This month’s cover story focuses on New York’s effort to increase its renewable portfolio standard to 50% renewables by 2030. The article, written by Anne Reynolds, executive director at the Alliance for Clean Energy New York, nicely lays out New York’s challenges if it is to meet the ambitious renewables mandate.
On the surface, it all appears positive. A top wind state is redoubling its efforts to develop more electricity emanating from terrestrial-based wind, as well as offshore wind. However, because New York is the subject, any enthusiasm generated by the announcement must be tamped down.
Why? Well, any wind developer will tell you that developing in New York is not for the faint of heart. For starters, its environmental reviews are the most comprehensive and stringent anywhere this side of California. Then, in 2011, the state brought back Article X, which was supposed to create a one-stop shop for permitting and shorten the length of time for projects to be signed off. Yet, here we are, six years later, and there has only been one wind project (Everpower Wind Holdings’ Cassadaga Wind) that has completed a full application. That’s right – the project still needs formal approval.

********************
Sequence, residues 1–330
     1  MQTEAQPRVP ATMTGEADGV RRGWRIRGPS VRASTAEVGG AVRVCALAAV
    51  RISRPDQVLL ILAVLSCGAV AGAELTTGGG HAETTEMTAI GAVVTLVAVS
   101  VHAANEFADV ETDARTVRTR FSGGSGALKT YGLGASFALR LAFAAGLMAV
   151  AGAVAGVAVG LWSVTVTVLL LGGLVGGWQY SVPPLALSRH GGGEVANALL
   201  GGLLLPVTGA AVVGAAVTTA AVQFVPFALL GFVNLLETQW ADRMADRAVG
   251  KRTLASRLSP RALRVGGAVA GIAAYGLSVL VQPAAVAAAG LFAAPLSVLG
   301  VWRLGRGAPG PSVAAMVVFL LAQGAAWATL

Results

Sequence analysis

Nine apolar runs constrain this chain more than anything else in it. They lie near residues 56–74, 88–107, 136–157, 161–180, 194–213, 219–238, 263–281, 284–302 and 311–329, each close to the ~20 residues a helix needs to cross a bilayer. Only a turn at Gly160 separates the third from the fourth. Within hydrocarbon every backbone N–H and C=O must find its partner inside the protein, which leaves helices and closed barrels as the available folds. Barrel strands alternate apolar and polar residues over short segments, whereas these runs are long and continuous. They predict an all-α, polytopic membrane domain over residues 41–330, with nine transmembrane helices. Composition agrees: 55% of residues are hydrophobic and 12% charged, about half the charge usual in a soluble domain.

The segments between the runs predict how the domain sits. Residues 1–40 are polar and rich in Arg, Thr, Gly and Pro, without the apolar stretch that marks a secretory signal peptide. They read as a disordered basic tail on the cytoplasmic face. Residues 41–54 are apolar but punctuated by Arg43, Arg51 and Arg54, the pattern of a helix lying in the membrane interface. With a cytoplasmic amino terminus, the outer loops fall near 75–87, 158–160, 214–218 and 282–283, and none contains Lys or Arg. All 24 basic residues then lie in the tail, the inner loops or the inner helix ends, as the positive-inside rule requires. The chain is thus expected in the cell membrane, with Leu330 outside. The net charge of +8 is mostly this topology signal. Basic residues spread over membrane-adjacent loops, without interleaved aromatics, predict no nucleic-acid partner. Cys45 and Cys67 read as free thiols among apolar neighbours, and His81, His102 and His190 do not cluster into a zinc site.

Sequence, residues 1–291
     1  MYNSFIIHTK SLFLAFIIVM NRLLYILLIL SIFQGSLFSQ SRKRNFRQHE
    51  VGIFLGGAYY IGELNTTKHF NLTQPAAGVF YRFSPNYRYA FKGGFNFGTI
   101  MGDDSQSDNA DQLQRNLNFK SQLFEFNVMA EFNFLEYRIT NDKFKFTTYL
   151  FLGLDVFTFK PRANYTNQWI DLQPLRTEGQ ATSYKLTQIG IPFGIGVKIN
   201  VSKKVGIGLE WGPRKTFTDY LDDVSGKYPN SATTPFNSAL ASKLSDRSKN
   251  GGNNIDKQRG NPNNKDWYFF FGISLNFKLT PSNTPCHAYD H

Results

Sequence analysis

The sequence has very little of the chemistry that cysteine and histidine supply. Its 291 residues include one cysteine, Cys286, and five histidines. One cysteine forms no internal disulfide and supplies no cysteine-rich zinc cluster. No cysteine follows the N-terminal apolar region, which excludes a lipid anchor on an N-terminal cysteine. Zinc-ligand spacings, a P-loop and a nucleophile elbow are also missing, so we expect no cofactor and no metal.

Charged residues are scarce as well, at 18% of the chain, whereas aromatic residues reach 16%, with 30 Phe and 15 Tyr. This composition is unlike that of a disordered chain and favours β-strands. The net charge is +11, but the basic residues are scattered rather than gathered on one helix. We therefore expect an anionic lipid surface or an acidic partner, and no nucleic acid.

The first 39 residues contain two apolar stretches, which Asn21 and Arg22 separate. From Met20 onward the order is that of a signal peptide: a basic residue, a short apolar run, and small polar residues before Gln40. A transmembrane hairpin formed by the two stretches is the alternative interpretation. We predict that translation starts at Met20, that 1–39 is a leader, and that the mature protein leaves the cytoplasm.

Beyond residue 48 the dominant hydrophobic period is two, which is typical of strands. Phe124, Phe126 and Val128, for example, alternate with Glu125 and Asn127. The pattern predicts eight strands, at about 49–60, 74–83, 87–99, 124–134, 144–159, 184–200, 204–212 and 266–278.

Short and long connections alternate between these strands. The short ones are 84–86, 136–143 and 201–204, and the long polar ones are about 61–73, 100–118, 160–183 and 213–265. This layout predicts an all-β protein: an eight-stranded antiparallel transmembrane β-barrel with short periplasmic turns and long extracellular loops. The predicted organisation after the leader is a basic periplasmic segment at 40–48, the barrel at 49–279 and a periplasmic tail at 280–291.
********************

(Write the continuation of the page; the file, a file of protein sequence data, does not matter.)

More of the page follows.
Further complicating matters is the New York Independent System Operator’s (NYISO) class year process, a system impact study that determines the network upgrades needed under the generator’s interconnection agreement. But instead of simplifying the process, the NYISO may have made the process harder, as indicated by a dizzying 35-step process found on its website.
As Reynolds writes, “There are some signs that the market is responding to Gov. Cuomo’s 50 percent renewable pledge. The New York Independent System Operator queue now shows a total of 36 wind proposals (totaling more than 4.9 GW) and 40 solar projects (totaling 920 MW).”
That’s good news, right? Perhaps, but what evidence has New York provided to make me believe that it has fixed all of its issues? Wind developers are still grappling with the state’s thorny permitting and interconnection regimes.
In short, although the state’s efforts are laudable, I’m not buying into it.
Wind developers need New York’s actions to keep pace with the rhetoric. Despite its best intentions to keep pace with the likes of California, New York wind development will always remain a slog.